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Quenching Russia's Drinking Problem

The death toll was seven: a teacher, her husband, and five orphans with disabilities. They were returning home from a crafts fair last September when a drunk driver, traveling 125 miles per hour through the streets of Moscow, plowed into them as they waited at a bus stop.

Following his arrest, 29-year-old Alexander Maximov, who had been drinking for two days straight and had landed a DUI arrest two years prior, told investigators, "I always do what I want."

Under current law, a drunk driver will spend less than 10 years behind bars if convicted of manslaughter. But the public outcry after the accident caused lawmakers to call for life imprisonment as a maximum punishment when fatal car crashes are fueled by intoxication.

The national tragedy also stirred soul-searching among pastors, priests, and other Christian leaders. Could the church help solve the country's addiction to alcohol?

Europe has the world's highest rate of alcohol consumption. But Russia's consumption rate of 15.8 liters (or about 4 gallons) of pure ethyl alcohol per capita annually is even higher. It is exceeded in Europe only by Moldova (18.2), the Czech Republic (16.5), and Hungary (16.3). Working-age men are Russia's heaviest drinkers, consuming the equivalent of 155 half-liter bottles (or about 20 gallons) of vodka yearly on average.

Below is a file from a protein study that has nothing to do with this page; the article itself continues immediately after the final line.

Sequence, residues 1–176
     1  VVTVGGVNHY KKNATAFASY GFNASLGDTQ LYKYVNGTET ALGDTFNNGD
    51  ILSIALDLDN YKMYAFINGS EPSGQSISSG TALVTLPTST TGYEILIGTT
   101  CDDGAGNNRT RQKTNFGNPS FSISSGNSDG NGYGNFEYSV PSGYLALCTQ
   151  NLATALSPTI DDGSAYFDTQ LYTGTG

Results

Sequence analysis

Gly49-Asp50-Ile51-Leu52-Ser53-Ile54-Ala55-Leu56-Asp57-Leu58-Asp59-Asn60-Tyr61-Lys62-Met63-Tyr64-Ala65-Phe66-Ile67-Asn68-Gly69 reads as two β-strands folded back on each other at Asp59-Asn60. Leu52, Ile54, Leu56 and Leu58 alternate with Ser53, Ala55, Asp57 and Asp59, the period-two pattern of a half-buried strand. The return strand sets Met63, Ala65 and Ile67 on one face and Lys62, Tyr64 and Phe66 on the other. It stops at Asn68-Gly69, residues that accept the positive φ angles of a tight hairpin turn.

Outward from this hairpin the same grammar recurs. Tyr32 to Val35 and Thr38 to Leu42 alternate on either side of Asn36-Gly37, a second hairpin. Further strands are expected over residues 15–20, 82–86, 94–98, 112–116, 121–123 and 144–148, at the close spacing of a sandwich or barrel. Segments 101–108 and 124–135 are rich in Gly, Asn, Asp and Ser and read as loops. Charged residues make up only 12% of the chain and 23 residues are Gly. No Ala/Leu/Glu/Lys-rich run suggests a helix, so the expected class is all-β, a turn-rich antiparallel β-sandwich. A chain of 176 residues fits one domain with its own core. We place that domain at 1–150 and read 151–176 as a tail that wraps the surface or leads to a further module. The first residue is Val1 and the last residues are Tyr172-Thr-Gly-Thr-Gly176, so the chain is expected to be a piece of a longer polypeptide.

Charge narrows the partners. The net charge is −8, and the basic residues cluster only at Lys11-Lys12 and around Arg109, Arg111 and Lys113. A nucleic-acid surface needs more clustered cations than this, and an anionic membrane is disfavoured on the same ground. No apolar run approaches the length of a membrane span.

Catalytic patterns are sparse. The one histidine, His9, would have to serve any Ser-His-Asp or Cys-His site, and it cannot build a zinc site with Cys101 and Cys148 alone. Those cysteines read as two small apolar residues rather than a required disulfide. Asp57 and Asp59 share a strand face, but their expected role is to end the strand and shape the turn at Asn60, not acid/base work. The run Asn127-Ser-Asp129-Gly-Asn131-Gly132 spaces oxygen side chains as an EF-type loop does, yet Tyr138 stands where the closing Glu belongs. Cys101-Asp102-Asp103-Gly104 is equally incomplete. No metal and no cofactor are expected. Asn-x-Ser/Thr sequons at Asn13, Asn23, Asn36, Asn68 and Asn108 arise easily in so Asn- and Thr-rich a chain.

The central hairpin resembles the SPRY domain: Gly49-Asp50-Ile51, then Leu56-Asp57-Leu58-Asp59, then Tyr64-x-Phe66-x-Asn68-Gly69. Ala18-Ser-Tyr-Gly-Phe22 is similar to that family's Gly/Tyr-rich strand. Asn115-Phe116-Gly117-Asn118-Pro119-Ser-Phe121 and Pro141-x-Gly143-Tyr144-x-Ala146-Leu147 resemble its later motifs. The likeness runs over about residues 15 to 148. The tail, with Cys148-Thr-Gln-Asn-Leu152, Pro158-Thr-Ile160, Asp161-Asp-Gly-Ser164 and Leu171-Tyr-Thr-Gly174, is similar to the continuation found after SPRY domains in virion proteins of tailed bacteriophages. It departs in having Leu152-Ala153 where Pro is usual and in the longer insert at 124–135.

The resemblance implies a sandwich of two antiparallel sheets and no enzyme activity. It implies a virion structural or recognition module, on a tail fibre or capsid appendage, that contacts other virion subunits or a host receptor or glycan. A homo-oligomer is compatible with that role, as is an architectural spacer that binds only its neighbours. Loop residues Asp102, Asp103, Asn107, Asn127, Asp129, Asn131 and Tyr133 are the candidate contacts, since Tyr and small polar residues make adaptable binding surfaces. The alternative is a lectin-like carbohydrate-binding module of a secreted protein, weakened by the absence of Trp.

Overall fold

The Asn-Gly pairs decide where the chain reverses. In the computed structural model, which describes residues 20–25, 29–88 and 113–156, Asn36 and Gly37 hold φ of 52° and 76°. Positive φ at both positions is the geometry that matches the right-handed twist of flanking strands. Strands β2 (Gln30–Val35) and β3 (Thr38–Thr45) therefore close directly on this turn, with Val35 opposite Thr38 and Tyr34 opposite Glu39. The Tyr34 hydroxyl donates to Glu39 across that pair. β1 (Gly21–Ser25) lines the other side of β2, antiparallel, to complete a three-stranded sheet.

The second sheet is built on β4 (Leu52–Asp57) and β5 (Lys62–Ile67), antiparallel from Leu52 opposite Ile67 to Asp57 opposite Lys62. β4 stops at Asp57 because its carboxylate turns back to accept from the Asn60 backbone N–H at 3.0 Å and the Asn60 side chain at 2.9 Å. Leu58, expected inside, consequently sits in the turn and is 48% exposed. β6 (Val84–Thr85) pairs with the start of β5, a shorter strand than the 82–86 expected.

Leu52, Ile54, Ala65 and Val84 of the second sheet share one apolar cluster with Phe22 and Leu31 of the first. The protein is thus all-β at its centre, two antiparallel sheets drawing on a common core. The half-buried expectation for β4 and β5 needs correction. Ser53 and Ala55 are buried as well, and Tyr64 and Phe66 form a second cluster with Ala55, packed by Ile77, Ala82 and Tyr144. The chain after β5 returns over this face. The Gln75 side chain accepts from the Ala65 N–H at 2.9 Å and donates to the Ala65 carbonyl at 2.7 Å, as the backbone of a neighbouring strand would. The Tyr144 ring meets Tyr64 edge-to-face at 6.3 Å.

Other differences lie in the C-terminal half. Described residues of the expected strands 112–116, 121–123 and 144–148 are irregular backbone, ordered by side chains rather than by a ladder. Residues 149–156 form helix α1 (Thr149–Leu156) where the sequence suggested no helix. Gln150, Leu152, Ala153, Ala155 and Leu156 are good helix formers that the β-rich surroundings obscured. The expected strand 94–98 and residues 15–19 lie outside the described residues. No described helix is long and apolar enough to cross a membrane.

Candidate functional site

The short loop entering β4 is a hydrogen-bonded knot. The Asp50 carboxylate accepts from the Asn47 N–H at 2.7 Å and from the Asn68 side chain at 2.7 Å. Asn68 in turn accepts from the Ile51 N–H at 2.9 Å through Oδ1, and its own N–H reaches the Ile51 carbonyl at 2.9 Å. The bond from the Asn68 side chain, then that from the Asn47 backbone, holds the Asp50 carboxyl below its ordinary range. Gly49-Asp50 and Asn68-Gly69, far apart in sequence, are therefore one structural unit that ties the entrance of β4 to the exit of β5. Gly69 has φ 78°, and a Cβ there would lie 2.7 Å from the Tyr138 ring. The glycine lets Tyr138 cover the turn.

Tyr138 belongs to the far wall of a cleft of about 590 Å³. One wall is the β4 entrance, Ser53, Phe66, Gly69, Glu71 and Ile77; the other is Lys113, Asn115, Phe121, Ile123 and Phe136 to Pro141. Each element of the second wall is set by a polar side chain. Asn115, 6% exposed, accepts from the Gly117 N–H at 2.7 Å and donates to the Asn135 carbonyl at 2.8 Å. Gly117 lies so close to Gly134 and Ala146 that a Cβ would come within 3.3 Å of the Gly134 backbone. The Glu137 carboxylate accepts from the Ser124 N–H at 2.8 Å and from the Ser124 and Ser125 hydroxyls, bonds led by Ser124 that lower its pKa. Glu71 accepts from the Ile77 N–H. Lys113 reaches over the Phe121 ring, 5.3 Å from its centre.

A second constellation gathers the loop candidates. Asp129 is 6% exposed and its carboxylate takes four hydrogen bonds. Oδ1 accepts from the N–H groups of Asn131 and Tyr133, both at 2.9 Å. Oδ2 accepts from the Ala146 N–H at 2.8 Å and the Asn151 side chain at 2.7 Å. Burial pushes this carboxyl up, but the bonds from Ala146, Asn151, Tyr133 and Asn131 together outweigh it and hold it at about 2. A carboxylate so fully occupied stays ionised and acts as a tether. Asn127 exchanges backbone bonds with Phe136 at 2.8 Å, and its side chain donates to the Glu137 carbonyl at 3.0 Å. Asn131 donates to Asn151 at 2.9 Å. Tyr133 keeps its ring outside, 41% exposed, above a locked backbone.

Russia's drinking problem affects every facet of national life. There's the sheer fact of 30,000 deaths each year from alcohol poisoning. Russian moonshine, called samogon, as well as "surrogate alcohols" like antifreeze, perfume, and cleaning solutions, play a large role in alcohol-related deaths.

Experts estimate that one out of every three Russian men regularly binge ...

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Quenching Russia's Drinking Problem
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November 2013

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